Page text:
California Passes Legislation on Chemical Ingredients in Broadly Defined “Cleaning Products”

by Reed Smith

Reed Smith

[co-author: Jamie Knauer]

Expanding upon a growing trend of federal and state laws focused on public-right-to-know and information-transparency policies that inform the public of what chemicals they are exposed to in products, California Governor Jerry Brown signed into law the “Cleaning Product Right to Know Act of 2017,” (the “Act”) (previously Senate Bill 258) on October 15, 2017. As passed, the Act:

  • Requires detailed disclosure of “intentionally added” ingredients on a wide variety of products, including air care, automotive, and general cleaning products, as well as polish and floor maintenance products used for janitorial, domestic or commercial / institutional cleaning purposes
  • Requires disclosure on both the product label and on the manufacturer’s website
  • Creates some limited disclosure exemptions for qualifying “confidential business information”

Manufacturers will have until January 1, 2020, to post online disclosure requirements, and until January 1, 2021, for product label disclosures.

Prior Legislative Analysis

Reed Smith first analyzed an earlier version of SB 258 last June. A link to our original review can be found here. The original bill triggered significant concerns from both industry and Assembly members in areas with significant labor forces and employer interests. The California Assembly likely amended the bill in light of: 1) opponents’ voiced concerns of the over-abundance of facts on product labels that would lead to consumer confusion; 2) Confidential Business Information placed at risk; and 3) the costs and practical hurdles in implementing the disclosure requirements. This update focuses on a few of the key provisions, and the subsequent amendments to the bill that enabled it to pass.

What SB 258 Regulates Under the Amended Language

What must be disclosed? 

A cleaning product manufacturer must disclose on the label of products sold in the state on or after January 1, 2021, unless the product is a pesticide under California Food and Agricultural Code § 12753, either of the following: 

  1. A list of each intentionally added ingredient contained in the product that is included on a designated list, and each fragrance included on a designated list; a list of each fragrance allergen that is included on Annex III of the EU cosmetics regulation 1223/2009 and that is present at a concentration of .01% (100 ppm) or higher in the product. The designated list is a list of 22 groups of chemicals recorded in section 108952(g) that have been identified as harmful or toxic by groups like regulatory agencies, research institutions or prior legislation. Notwithstanding the above information, the manufacturer is not required to disclose on the product label any intentionally added ingredients included on a designated list pursuant to the California Safe Drinking Water and Toxic Enforcement Act (aka "Proposition 65") until January 1, 2023; or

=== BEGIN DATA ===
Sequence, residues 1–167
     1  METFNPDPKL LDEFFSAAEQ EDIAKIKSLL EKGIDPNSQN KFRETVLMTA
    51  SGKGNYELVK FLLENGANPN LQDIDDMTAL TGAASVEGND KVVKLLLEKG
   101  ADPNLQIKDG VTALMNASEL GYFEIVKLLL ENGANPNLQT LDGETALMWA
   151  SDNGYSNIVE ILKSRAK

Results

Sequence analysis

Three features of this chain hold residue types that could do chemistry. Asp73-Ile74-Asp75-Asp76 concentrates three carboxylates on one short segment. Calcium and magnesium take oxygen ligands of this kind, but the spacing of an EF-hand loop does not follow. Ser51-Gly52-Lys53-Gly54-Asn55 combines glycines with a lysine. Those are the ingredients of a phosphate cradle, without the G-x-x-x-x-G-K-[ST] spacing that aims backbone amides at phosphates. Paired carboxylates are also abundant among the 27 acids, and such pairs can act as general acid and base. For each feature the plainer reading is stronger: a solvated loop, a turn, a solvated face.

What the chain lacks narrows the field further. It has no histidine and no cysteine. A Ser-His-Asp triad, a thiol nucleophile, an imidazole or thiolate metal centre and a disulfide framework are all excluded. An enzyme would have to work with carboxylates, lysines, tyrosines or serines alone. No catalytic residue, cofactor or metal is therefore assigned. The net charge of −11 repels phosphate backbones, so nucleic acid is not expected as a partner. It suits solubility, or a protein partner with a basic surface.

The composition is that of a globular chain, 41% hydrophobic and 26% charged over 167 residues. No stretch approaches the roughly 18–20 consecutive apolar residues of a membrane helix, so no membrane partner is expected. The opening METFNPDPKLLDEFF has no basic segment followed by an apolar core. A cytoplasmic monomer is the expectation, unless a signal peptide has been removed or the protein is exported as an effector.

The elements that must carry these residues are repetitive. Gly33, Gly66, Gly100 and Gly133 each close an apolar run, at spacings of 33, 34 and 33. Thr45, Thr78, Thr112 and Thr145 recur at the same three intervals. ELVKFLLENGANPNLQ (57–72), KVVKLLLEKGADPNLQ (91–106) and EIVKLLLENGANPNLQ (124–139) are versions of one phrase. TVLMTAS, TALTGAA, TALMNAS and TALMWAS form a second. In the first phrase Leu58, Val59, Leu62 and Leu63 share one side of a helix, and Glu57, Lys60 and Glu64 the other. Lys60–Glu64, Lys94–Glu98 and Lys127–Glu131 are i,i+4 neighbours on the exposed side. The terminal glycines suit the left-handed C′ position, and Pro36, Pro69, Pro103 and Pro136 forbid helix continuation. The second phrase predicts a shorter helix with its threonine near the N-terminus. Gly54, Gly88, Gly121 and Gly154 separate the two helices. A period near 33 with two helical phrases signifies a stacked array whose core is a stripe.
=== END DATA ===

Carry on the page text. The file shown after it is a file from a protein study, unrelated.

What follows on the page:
2. A list of each intentionally added ingredient contained in the product, unless it is confidential business information. Manufacturers shall include the phrase “Contains fragrance allergen(s)” on the product label when a fragrance allergen noted on Annex III of the EU Cosmetics Regulation 1223/2009 is present in the product at a concentration of 0.01% (100 ppm) or higher. Fragrance ingredients or colorants that do not appear on a designated list may be listed on the product label as “fragrances” or “colorants,” respectively. Notwithstanding the above information, manufacturers are not required to disclose intentionally added ingredients on a designated list pursuant to Proposition 65 until January 1, 2023.

Priorities for Listing (Tiered Nomenclature Systems) 

Intentionally added ingredients, fragrance ingredients, or nonfunctional constituents must be listed pursuant to the following nomenclature systems, in the order listed:

  1. Consumer Specialty Products Association Consumer Product Ingredients Dictionary (CSPA Dictionary) or International Nomenclature of Cosmetic Ingredients (NCI)
  2. International Union of Pure and Applied Chemistry nomenclature (IUPAC)
  3. Chemical Abstracts Index name
  4. Common Chemical Name

Additionally Required Information 

In addition to the above product label disclosure option, the following are required of a cleaning product manufacturer for non-pesticides: 

  1. The product label must disclose the manufacturer’s toll-free number and website
  2. If a product label does not include a full list of intentionally added ingredients, it must include:

a. A statement that reads: “For more ingredient information, visit . . . ”

b. An address for a website that provides all of the information listed below in “Special Website Disclosures”

c. A toll-free phone number

Special Website Disclosures

The following information must be included on the manufacturer’s website for products sold in the state on or after January 1, 2020, “no more than five clicks” from the URL printed on the product label and “no more than four clicks” from a product-specific website: